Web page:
President Ronald Reagan frequently said “trust but verify” when discussing U.S. relations with the Soviet Union. Some say it comes from a Russian proverb, “doveryai no proveryai.”
Trust but verify is exactly what you should do when using SPICE operational amplifier (op amp) macromodels. For op amp stability analysis in the AC domain, you need to verify that both Aol (open loop gain) and ZO (open-loop output impedance), two key things for op amp stability analysis, are correct for the op amp macromodel.
Figure 1 shows an AC model for an op amp with Aol and ZO. Since most SPICE op amp macromodels end up being modeled correctly for Aol, l’ll focus on verifying ZO, which is often not modeled correctly. Note that there is not industry consistency in terminology for open loop output impedance. Both Ro and Zo are used.
Figure 1: Op amp AC model
Figure 2 illustrates the important differences between ZO and ZOUT. ZO is the open-loop output impedance of an op amp. ZOUT is defined as the closed-loop output impedance of an op amp.
ZO and ZOUT are related. ZOUT is ZO reduced by loop gain. Figure 2 shows how the relationship between Zo and Zout is derived.
This simplified op amp model focuses solely on the basic DC characteristics of an op amp. A high input resistance (100mΩ to GΩ), RDIFF develops an error voltage across it, VE, due to the voltage differences between -IN and +IN. The error voltage, VE, is amplified by the open-loop gain factor Aol and becomes VO. In series with VO to the output, VOUT, is ZO, the open-loop output impedance. Using standard circuit analysis, the resulting relationship between ZO and ZOUT is shown.
Figure 2: ZO vs. ZOUT
Figure 3 is the SPICE circuit for testing the ZOUT of an op amp. An AC current source, IOUT, with the DC portion set to zero is injected into the op amp output. You do not want any DC current injected into the op amp output, since ZOUT becomes lower with current in the output. The worst-case stability problems almost always occur with the highest ZOUT.
For this test, I set the op amp closed-loop gain to 1 to check against the Gain = 1x test data in the data sheet. SPICE performed a DC analysis before it ran the AC analysis. You must confirm that the amplifier is not in output saturation for the DC analysis or else the AC analysis will not be meaningful.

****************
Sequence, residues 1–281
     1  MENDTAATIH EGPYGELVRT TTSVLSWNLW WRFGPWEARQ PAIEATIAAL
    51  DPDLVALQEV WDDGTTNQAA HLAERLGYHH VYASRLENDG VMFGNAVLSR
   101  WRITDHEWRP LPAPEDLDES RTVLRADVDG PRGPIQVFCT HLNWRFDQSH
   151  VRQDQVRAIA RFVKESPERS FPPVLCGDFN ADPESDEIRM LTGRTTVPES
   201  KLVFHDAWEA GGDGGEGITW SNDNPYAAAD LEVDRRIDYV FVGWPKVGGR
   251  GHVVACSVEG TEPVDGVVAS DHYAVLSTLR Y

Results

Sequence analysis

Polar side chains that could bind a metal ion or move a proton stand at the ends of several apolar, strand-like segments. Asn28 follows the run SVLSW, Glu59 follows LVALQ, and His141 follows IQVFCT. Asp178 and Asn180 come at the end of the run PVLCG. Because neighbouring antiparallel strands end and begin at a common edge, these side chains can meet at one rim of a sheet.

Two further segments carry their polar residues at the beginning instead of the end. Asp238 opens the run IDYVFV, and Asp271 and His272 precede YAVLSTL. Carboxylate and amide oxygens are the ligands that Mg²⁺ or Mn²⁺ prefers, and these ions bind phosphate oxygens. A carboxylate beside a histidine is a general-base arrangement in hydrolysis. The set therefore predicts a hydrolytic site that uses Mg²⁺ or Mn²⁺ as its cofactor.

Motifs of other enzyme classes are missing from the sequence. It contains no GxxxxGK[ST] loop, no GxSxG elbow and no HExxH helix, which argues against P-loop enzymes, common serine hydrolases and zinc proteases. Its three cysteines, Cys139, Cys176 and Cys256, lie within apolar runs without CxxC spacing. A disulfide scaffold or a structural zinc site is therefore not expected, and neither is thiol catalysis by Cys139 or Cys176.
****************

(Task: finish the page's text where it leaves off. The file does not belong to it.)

DC analysis showed the output of the LMV844 to be 500µV for a gain = 1, which reflects an expected input offset voltage for this part. If Aol in the op amp macromodel matches the data sheet, then you know ZO is correct based on Figure 2. VOUT will become ZOUT since the AC analysis will report all voltage probes relative to IOUT, the excitation. The AC analysis will compute VOUT = IOUT * ZOUT and report this as a gain of VOUT/IOUT = ZOUT.
Figure 3: ZOUT SPICE measure
My SPICE test result of the LMV844 macromodel indicates that ZOUT does not match the data sheet for a gain = 1. Figure 4 shows two slopes (+20dB/dec and +40dB/dec) on the data sheet ZOUT for a gain = 1 and only one slope (+20dB/dec) for the macromodel ZOUT. If you see this in your application, you will need to contact the op amp manufacturer to get a SPICE op amp macromodel with the correct ZOUT for stability analysis. Like Zo, there is not industry consistency in terminology for closed loop output impedance. Both Rout and Zout are used.
Figure 4: LMV844 macro vs. data sheet
I will use the test circuit in Figure 5 to measure ZO, open-loop output impedance. SPICE will perform a DC analysis before it runs the AC analysis. You must confirm that the amplifier is not in output saturation for the DC analysis or else the AC analysis will not be meaningful. In the circuit of Figure 5, L1 will act as a short at DC but an open for any frequency of interest. Conversely, C1 will act as an open at DC and a short for any frequency of interest.
DC analysis shows the output of the OPA376 to be at -25.38µV for a gain = 1, which is an expected input offset voltage for this part. Just like the Zout test, use an AC current source, with DC component of it set to zero, to back-drive the output of the op amp. VOUT will become ZO since the AC analysis will report all voltage probes relative to IOUT, the excitation. The AC analysis will compute VOUT = IOUT * ZO and report this as a gain of VOUT /IOUT = ZO.
Figure 5: ZO SPICE measure
Figure 6 confirms that the SPICE op amp macromodel does indeed match the data sheet. There are two curves for ZO in the OPA376 data sheet. Since I am interested in the unloaded ZO, output with no load current, I will compare the SPICE simulation against the 400µA load current Ro curve
t in the data sheet. Remember that ZO decreases with current in the output stage. You need to know the largest ZO, which will almost always cause the worst stability issues.
Figure 6: OPA376 macro vs. datasheet
You now have a quick and easy way to trust but verify SPICE op amp macromodels for the proper ZO or ZOUT. The correct ZO or ZOUT will allow you to simulate, predict and build stable op amp circuits for your end applications. For more detailed information on op amp stability, check out the resources below.
- Learn more about op amp stability on the TI E2E™ forum under Prescision Amplifiers, Precision Amplifier Wiki.
- Check out TI Precision Labs and learn all about precision op amps.
- Take a look at our free TI TINA-TI™ SPICE simulator.
- Learn about TI’s entire portfolio of amplifier ICs and find more technical resources.